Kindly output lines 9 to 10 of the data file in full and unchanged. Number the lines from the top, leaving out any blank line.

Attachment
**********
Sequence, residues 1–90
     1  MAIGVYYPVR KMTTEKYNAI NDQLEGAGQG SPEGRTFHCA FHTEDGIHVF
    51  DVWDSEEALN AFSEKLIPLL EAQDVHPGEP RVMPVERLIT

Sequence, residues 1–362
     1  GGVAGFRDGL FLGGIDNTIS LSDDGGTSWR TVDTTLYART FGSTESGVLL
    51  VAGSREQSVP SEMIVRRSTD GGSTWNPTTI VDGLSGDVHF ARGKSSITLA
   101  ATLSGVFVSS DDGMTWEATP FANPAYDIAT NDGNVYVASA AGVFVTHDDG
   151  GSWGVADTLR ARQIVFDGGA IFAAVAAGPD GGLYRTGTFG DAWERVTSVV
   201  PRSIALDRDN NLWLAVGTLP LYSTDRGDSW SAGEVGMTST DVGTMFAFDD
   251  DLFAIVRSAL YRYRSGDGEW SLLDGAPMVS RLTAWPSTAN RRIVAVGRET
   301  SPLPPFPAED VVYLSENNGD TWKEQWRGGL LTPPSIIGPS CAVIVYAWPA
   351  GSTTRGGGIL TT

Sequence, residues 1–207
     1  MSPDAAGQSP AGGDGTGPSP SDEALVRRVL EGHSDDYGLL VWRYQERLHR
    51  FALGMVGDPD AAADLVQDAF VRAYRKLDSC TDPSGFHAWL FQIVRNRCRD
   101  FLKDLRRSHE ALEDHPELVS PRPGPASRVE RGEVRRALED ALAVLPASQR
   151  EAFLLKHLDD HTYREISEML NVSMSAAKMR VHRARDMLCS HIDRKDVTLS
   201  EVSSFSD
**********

   201  PRSIALDRDN NLWLAVGTLP LYSTDRGDSW SAGEVGMTST DVGTMFAFDD
   251  DLFAIVRSAL YRYRSGDGEW SLLDGAPMVS RLTAWPSTAN RRIVAVGRET